Its weird to think that I ran 13.1 miles and ended up mad about a minute and thirty-four seconds.  Its like it wasn't good enough.  It got pretty awkward inside my head.  When I reflected on my run, it was so great, lots of joy.  Yet when I thought about my finish time, there was discontent.  I wanted to just move on from it, but God kept urging me to explore this space between the joy + the discontent.

As I prayed, this phrase about 'running well' kept coming to mind.  I knew it was a verse but didn't know where, and I wanted to find the context.

"You were running well.  Who prevented you from obeying the Truth?  This persuasion did not come from the One who calls you."  Galatians 5:7-8 HCSB

In reality, my novice half-marathon training plan didn't have any goal times or speed work. All along I just ran at a pace that was comfortable for me.  My goal was to run a half-marathon, but as race day approached I decided the goal should be to run a half-marathon in under 2 hours + 30 minutes.  It was a mistake.  I only added to the original goal because I thought "all the other runners" had finish-goal-times, and I should too.

As I reflected on this, I realized that we do this kind of thing ALL THE TIME in all different sorts of ways. We add to our goals to somehow make them more measurable -- a way to make ourselves measure up. At times, we even allow the enemy to influence these decisions.

Perhaps we set the goal that we want to eat dinner at home more frequently, so we make the meal plan and the grocery list and we cook three nights in a row.  Maybe the fourth night the brown rice is crunchy and kind of gross.  Rather than celebrate the first three nights, we focus on that dumb rice.  The goal was eating at home more frequently, but then we decide after-the-fact that the goal should've been to cook perfect meals every night.  And our joy withers.

Or maybe we branch out and launch a crafting group.  We plan the activity, we gather supplies, we invite some friends, we set the time.  And two people come.  Rather than celebrate that we took a brave step to host a craft group we feel badly that there were only two people.  The goal was the crafting group, but after-the-fact we decided that goal should've been 7 people showing up.  And we feel a little embarrassed.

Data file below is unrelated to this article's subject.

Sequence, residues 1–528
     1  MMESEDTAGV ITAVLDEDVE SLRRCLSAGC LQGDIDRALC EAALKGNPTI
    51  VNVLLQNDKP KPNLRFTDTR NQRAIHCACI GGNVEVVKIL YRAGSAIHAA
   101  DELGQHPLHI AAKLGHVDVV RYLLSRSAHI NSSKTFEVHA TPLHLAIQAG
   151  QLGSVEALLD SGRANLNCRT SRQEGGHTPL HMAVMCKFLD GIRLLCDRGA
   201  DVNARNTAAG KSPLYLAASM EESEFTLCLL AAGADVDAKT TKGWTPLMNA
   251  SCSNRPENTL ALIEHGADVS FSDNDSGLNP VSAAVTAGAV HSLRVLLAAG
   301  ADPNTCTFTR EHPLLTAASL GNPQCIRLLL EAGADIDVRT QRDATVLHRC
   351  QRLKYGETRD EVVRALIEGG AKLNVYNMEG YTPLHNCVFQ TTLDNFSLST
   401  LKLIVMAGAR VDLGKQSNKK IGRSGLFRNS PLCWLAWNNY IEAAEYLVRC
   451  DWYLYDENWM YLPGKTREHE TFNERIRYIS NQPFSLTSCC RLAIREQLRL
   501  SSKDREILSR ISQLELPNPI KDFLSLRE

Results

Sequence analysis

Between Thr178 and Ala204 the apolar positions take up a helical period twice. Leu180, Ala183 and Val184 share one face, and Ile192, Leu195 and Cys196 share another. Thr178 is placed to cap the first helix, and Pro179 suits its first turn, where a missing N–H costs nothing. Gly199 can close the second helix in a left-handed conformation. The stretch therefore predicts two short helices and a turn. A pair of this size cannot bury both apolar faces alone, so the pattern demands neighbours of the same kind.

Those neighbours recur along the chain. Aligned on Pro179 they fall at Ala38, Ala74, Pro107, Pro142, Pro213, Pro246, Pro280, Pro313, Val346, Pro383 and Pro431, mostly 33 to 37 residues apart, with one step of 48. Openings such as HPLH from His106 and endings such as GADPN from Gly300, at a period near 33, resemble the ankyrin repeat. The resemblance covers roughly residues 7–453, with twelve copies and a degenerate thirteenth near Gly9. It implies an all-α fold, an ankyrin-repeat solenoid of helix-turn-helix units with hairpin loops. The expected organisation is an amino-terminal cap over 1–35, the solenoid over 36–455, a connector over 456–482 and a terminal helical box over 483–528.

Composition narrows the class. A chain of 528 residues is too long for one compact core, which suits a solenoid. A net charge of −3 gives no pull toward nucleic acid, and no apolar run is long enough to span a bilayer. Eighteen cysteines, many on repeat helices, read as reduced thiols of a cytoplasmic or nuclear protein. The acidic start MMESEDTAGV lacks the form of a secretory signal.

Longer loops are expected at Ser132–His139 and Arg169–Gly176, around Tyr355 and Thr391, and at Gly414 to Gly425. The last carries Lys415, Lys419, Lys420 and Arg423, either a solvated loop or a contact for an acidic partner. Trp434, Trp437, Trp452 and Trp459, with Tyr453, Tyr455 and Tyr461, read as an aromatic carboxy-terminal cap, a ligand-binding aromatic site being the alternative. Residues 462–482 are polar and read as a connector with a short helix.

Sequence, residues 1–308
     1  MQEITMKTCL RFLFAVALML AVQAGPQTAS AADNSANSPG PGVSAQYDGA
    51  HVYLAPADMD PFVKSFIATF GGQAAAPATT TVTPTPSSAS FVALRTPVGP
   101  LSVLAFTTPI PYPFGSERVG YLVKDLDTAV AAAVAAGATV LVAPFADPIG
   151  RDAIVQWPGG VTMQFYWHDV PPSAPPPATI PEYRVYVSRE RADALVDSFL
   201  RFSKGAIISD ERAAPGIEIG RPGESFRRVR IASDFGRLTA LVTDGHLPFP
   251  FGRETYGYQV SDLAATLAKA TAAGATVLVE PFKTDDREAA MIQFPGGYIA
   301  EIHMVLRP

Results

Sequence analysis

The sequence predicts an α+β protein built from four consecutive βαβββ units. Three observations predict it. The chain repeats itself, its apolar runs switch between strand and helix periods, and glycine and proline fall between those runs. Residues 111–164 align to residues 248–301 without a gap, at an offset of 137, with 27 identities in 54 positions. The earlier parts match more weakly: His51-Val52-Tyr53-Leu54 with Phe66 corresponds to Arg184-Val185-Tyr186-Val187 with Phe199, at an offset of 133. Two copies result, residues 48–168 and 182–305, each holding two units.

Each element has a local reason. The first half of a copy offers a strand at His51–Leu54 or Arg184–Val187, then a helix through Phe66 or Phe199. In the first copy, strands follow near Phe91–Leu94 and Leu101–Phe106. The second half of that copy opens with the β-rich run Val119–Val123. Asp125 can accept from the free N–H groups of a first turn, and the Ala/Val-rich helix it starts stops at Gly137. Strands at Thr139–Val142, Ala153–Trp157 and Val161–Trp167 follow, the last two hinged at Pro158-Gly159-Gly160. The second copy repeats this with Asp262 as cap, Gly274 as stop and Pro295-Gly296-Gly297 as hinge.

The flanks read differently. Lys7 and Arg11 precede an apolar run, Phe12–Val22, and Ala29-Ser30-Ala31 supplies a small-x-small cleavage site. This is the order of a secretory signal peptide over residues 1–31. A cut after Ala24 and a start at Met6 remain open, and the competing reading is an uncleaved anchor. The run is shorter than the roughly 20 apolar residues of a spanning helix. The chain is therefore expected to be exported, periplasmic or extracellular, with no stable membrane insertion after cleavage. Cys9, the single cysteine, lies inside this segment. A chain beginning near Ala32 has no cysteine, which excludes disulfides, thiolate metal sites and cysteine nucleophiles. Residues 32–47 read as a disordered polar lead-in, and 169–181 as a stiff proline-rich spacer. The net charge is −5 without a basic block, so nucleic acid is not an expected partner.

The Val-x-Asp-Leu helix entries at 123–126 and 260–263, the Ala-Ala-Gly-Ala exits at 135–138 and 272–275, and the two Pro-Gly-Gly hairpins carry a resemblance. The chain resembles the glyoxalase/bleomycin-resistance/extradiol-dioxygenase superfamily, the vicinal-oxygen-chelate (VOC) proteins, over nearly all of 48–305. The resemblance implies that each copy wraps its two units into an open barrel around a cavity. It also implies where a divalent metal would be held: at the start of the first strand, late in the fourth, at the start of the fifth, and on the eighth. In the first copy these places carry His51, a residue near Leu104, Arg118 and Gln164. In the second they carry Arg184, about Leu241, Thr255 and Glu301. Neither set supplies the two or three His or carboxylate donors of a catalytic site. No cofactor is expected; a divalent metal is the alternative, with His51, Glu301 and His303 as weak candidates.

We decide that we'll get all caught up on laundry Friday.  As each load finishes, we fold and put away, all day we are ON IT.  Then the littles wake up early from their naps.  So the last load stays in piles all over your bed until you are ready to fall into it at 10 pm.  {Look, 10 pm is late for me!} Rather than celebrate that the hamper is empty we fuss because we should've remembered to finish that load before 10pm.  And we get crabby.

Here's the thing, there isn't anything wrong with setting goals.  And its even OK to set specific, measurable goals.  The problem is when we should ourselves. We edit our goals in a way that leads to discontent even if we accomplish our original goal.  Perhaps the edits would be excellent in shaping our goals for the future, but setting that bar too high, too late can cause us to be hesitant to try again.

So let's stop.

Let's honor our own pace.  Let's accomplish the goals God has set before us, and not be distracted by the goals of those around us. Let's consider what He has called us to, and ask Him how we can bring Him the most glory in getting it done.  Let's stop worrying about what everyone else is doing and look at what He has done.  Let's celebrate the goals we reach as we adjust to reach further. Let's stop shoulding ourselves into places of discontent. Let's kick the joy-stealers to the curb and keep on running well.

17 January 2016

Raising Grateful Kids

Today I am participating in a "blog hop."  Truthfully, I am not exactly sure what that means, but I do know that I am writing about Raising Grateful Kids In An Entitled World by Kristen Welch.  I have had the privilege of reading this book as part of the launch team.  And y'all are going to love this book.  For real.

Because, you know what?  It is hard to raise grateful kids in an entitled world.  And sometimes it feels awkward and lonely and unattainable.  Am I right?